CPRE : Consortium for Policy Research in Education

Learning to Think, Thinking to Learn

CPRE is evaluating the America's Choice middle and high school comprehensive school reform designs. The designs are being developed and specified by the National Center on Education and the Economy (NCEE) as they are being field-tested, and revisions are being made based on the experience in the field-test sites and feedback from the evaluation research team. This is not a straightforward study of the implementation of a fully developed program, but a much more dynamic and complex study of the development, specification, implementation, and revision of new school designs.

The research team is examining the designs from the perspective of the school (Does it meet our needs? Does it meet our expectations? Is it feasible? Is the support adequate? Does it produce the results we expected?, etc.) and from the perspective of NCEE (Is there commitment and capacity in the site? Is it being implemented as designed? Are there barriers to be addressed? Do components produce the desired results, etc.?). The following questions are among those of central interest to the research team:

  • How well do NCEE's entry and engagement strategies work? Do these strategies engage faculty and build commitment to the design?
  • How do faculty response to the designs and faculty engagement in the process vary across content areas, particularly among areas in which curriculum is provided and areas in which it is not?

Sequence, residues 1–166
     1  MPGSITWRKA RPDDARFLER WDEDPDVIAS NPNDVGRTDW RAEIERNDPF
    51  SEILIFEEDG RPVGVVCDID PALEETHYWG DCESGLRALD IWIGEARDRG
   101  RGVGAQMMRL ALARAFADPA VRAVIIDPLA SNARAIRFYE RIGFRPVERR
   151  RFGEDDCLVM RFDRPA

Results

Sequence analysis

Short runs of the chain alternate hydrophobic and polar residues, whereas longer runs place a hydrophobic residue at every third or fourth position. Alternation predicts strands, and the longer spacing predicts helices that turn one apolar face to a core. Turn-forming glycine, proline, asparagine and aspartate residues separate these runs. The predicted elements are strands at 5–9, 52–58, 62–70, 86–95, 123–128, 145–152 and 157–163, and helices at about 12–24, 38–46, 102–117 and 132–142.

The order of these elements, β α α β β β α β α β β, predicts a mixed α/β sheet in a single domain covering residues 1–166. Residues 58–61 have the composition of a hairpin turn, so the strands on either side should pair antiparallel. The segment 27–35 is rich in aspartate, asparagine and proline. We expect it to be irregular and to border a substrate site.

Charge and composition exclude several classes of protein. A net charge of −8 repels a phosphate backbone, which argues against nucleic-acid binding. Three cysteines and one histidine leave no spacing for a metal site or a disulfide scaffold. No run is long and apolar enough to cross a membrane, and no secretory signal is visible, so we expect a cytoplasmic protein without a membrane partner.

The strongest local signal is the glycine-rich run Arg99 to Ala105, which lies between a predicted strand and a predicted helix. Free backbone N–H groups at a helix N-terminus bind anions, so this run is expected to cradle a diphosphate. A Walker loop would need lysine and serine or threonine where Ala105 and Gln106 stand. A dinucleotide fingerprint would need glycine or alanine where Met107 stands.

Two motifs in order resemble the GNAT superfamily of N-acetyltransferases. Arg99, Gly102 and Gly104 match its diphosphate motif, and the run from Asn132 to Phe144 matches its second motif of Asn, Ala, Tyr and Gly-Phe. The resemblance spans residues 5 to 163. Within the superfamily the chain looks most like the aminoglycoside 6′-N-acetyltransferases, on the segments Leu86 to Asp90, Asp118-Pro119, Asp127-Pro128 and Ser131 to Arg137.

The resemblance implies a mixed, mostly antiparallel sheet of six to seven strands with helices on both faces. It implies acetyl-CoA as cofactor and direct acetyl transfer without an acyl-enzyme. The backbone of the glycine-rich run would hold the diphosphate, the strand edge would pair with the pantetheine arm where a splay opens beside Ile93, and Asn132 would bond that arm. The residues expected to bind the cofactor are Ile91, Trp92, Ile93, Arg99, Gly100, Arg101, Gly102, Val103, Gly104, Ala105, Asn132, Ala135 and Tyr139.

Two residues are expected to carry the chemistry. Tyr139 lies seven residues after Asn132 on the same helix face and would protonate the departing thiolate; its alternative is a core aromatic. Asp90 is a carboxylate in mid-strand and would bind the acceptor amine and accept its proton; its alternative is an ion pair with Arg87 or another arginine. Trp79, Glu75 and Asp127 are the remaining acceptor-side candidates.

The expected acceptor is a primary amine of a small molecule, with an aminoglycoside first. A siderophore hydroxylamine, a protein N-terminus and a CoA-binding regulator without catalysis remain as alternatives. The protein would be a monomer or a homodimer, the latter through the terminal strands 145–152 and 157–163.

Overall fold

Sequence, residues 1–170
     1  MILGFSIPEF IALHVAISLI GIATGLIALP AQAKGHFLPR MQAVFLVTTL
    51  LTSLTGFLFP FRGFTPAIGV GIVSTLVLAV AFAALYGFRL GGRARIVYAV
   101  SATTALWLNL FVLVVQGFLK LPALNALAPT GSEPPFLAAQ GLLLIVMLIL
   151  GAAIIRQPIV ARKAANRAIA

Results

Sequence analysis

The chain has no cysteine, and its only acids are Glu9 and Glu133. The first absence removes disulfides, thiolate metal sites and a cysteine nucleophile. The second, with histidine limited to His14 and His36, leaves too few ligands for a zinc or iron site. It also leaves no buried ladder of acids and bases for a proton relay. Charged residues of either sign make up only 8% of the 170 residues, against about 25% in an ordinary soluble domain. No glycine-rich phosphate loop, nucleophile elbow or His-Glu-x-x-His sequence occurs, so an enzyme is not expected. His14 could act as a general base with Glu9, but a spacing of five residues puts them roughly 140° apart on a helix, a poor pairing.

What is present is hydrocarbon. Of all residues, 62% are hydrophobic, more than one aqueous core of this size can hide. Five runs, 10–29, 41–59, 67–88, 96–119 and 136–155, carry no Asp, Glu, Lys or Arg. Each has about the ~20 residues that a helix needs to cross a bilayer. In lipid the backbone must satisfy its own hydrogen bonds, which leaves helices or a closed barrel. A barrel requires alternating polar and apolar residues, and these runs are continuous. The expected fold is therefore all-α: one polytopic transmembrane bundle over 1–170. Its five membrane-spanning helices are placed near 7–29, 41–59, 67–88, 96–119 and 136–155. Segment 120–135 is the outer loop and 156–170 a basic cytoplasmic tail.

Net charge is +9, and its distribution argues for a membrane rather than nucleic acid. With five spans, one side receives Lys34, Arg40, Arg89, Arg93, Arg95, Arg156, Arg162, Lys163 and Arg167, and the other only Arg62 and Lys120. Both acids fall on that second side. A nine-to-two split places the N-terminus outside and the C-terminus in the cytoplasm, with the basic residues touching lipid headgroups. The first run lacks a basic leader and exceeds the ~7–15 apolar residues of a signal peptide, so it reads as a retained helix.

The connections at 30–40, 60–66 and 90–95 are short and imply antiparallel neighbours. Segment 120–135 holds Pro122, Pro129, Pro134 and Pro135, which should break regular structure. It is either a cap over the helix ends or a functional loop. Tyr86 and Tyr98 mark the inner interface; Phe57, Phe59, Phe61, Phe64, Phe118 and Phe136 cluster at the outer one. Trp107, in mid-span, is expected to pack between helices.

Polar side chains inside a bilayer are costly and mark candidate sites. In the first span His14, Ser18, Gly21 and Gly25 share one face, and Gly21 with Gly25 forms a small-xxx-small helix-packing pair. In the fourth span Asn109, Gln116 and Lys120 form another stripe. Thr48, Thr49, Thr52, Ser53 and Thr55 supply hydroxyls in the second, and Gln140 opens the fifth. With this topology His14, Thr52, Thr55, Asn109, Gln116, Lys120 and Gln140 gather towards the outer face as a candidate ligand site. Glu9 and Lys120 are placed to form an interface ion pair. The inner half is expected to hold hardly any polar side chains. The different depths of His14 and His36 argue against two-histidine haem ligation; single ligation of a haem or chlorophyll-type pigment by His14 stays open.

• Do the NCEE designs provide adequate incentives, tools, training, assistance, and sequencing to support implementation? How are the enactment supports affected by local conditions? How are these changed over time, and why?
  • To what extent are the schools able to implement the designs? Are some components more difficult to implement than others? What problems are encountered? How come? How do problems vary across the sites?
  • How is implementation affected by the leadership structure and style in the school? How is leadership altered by the design?
  • Are local adaptations made by the schools or NCEE so that the implemented designs vary significantly across the sites? Why? With what effects?
  • Do educators feel that they have to make significant modifications to the design to meet the needs of all students? How does the presence of significant numbers of special education students or English language learners affect implementation?
  • What factors affect implementation? Are there prerequisite conditions for implementation of the designs? What obstacles are frequently encountered, and how are they overcome?
  • Do the design elements produce the envisioned professional culture and classroom practice?
  • Do the designs produce the expected changes in school policy and organization?
  • What is the impact on student achievement as measured by NCEE, the school, the district, the state, and the public?
  • What is the impact of the design on other student measures: discipline, attendance, school completion, course selection, postsecondary participation, and so on?
  • Does the design's impact on student outcomes vary across sites, and what factors seem to account for this variance?
  • Do the design elements produce the desired outcomes for all significant sub-groups of students?
  • Can the design be replicated at reasonable costs and with reasonable probability of success?